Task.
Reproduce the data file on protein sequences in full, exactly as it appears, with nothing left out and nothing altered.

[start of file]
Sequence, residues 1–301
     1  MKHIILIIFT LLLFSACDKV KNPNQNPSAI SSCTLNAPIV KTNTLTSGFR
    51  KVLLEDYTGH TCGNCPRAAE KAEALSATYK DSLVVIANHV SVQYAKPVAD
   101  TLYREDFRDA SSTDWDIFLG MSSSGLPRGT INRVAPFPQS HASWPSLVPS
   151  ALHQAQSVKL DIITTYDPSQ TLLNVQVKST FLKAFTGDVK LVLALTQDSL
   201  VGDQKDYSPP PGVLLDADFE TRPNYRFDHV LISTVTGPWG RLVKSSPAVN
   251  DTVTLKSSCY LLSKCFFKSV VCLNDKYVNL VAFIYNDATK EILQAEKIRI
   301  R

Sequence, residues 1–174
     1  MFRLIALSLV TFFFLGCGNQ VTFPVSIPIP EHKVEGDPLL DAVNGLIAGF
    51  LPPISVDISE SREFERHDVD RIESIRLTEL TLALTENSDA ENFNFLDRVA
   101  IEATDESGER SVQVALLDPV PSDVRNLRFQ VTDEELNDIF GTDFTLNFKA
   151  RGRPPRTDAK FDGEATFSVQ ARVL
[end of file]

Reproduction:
Sequence, residues 1–301
     1  MKHIILIIFT LLLFSACDKV KNPNQNPSAI SSCTLNAPIV KTNTLTSGFR
    51  KVLLEDYTGH TCGNCPRAAE KAEALSATYK DSLVVIANHV SVQYAKPVAD
   101  TLYREDFRDA SSTDWDIFLG MSSSGLPRGT INRVAPFPQS HASWPSLVPS
   151  ALHQAQSVKL DIITTYDPSQ TLLNVQVKST FLKAFTGDVK LVLALTQDSL
   201  VGDQKDYSPP PGVLLDADFE TRPNYRFDHV LISTVTGPWG RLVKSSPAVN
   251  DTVTLKSSCY LLSKCFFKSV VCLNDKYVNL VAFIYNDATK EILQAEKIRI
   301  R

Sequence, residues 1–174
     1  MFRLIALSLV TFFFLGCGNQ VTFPVSIPIP EHKVEGDPLL DAVNGLIAGF
    51  LPPISVDISE SREFERHDVD RIESIRLTEL TLALTENSDA ENFNFLDRVA
   101  IEATDESGER SVQVALLDPV PSDVRNLRFQ VTDEELNDIF GTDFTLNFKA
   151  RGRPPRTDAK FDGEATFSVQ ARVL